Ex-Senate Aide Appears Before Federal Court After Indictment

Frederick Owens
June 10, 2018

Watkins' records were seized as part of an investigation into Jim Wolfe, a former director of security for the Senate Intelligence Committee.

The information came to light as it was announced that James A. Wolfe, a former employee of the Senate Select Committee on Intelligence, was arrested on charges of making false statements to the Federal Bureau of Investigation amid a probe into the disclosure of classified information.

According to the authorities, Mr. Wolfe made false statements to the F.B.I. about providing two of them with sensitive information related to the committee's work.

In the indictment, it's indicated that after Wolfe handled classified documents related to the "Russia probe", he exchanged 82 text messages with a reporter the same evening. The Times said that Watkins had a relationship with Wolfe before she joined the newspaper. The presiding judge in Baltimore Friday also told Wolfe he must turn in his passport, and he is restricted to travel in Maryland and D.C. for court appearances and to meet with his lawyers.

"The records of that Times reporter were seized in the course of the FBI investigation, which is also troubling, because there are procedures that provide seizure of reporter records, emails and phone records only as a last resort, only after certain threshold standards are met and only after notification to the reporter".

Wolfe was charged with three counts of making false statements to investigators when they interviewed him in December. And then late past year, he said that the Justice Department had 27 leak investigations underway, which was roughly triple the number of the Obama administration. He checked "no" even though records obtained by the government show that he had been in communication with one of them.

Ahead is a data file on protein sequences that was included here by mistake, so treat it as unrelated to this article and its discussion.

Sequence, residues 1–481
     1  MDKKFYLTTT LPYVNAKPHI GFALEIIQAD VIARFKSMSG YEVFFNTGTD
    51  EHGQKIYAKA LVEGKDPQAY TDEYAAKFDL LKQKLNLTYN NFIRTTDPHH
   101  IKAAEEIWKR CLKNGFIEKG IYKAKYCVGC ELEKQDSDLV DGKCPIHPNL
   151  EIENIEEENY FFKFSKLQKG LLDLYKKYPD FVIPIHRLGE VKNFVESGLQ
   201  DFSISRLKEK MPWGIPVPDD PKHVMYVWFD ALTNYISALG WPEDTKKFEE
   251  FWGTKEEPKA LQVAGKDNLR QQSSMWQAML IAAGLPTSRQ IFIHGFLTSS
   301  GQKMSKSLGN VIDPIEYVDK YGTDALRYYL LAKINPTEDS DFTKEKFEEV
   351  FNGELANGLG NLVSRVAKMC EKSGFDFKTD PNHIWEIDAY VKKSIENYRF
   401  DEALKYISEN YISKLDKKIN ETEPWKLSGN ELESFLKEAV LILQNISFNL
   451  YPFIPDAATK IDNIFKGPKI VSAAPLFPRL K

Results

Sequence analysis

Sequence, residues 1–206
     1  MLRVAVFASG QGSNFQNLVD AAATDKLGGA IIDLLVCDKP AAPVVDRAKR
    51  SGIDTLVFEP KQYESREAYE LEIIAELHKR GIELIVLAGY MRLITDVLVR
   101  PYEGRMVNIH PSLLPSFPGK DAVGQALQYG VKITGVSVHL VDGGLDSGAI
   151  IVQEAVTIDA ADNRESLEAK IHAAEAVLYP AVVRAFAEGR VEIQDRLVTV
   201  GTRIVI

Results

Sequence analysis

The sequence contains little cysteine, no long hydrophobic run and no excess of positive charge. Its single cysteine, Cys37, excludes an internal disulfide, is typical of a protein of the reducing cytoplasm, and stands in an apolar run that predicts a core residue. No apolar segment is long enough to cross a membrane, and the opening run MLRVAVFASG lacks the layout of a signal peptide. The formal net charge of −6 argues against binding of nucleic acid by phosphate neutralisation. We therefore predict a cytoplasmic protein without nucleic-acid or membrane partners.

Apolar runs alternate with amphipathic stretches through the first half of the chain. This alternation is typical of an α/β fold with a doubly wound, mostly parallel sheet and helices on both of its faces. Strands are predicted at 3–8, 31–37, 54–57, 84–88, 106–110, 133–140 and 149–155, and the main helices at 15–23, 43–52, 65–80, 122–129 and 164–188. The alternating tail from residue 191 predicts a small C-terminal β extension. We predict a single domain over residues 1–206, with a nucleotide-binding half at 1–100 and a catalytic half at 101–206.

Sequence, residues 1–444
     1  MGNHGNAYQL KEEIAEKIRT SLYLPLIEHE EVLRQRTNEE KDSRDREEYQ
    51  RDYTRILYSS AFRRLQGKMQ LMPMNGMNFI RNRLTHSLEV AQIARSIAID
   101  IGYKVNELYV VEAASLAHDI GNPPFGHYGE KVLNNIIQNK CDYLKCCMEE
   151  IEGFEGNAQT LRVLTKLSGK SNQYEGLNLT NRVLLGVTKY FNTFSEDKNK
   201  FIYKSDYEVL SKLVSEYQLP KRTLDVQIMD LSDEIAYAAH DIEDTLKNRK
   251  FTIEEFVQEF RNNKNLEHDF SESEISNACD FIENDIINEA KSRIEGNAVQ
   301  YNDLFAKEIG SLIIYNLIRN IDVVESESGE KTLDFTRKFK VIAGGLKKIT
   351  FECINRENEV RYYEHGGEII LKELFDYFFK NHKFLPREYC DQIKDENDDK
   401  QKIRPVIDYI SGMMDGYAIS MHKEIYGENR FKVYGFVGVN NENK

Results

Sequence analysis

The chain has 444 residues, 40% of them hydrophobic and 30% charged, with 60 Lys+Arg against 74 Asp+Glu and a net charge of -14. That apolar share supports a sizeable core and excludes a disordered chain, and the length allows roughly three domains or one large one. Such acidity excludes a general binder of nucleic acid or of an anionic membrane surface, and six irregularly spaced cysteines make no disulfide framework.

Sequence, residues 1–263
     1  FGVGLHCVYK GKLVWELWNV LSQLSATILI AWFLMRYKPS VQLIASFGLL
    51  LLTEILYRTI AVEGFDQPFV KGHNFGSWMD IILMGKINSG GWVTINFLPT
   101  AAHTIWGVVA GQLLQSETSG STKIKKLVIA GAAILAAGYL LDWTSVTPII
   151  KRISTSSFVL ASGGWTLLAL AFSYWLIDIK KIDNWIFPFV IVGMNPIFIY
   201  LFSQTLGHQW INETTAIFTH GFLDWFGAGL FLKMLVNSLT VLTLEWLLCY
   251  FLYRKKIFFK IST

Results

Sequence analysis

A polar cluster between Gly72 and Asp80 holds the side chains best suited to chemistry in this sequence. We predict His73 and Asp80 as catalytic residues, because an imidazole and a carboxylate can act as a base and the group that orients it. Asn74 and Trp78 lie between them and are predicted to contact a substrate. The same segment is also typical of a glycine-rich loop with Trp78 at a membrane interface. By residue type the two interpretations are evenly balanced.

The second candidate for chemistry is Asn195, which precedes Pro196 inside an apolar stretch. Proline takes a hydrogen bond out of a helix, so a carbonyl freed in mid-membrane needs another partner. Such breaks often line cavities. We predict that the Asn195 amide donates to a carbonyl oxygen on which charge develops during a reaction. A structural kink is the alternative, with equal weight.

The advocacy group says it's the first known incident in which prosecutors have gone after journalist data under President Donald Trump. Prior to joining the newspaper, Watkins worked for BuzzFeed News and Politico.

"I'm a big, big believer in freedom of the press", Trump said on Friday, "but I'm also a believer in classified information".

On Oct. 16, 2017, Wolfe told another reporter, identified as REPORTER #3, that he had served Page with a subpoena to testify before the intelligence committee, the prosecutors say.

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Elements within the government have always been suspected in engaging in selective leaks, including classified information, to the media in an effort to control the news narrative.

Over the past year, as the committee's Russian Federation inquiry heated up, Wolfe was responsible for escorting high-profile witnesses into the committee's secure spaces, including Trump's son-in-law and senior adviser, Jared Kushner.

Before she started at the Times, FBI agents sought information from her about a romantic relationship she had with Wolfe, but Watkins said she didn't answer those questions, which were part of an investigation into unauthorized leaks.

Per the filing, Wolfe told "Reporter #3" on October 16 that he served Page with a subpoena, and the next day agreed to the reporter's request to provide Page's contact information. "That should be a grave concern to anyone who cares about an informed citizenry".

"They involve leaks of classified information, potentially involving the Russian Federation probe to reporters, three, possibly more, including a New York Times reporter", the Connecticut Democrat told CNN. Watkins appears to be referred to as Reporter #2 in the indictment.

When law enforcement officials obtained journalists' records during the Obama administration, members of Congress in both parties sounded alarms, and the moves touched off such a firestorm among advocates for press freedom that helped prompt the Justice Department to rewrite its relevant guidelines.

First off, the Trump adminstration has been all too clear about its scorn for established press rights - with the president himself boasting about how he'd love to change libel-law protections and speculating about locking up reporters.

Lauren Easton, director of media relations for the AP, said Friday, "The Associated Press opposes any government overreach that jeopardizes the ability of journalists to freely and safely do their jobs and undermines the vital distinction between the government and the press".

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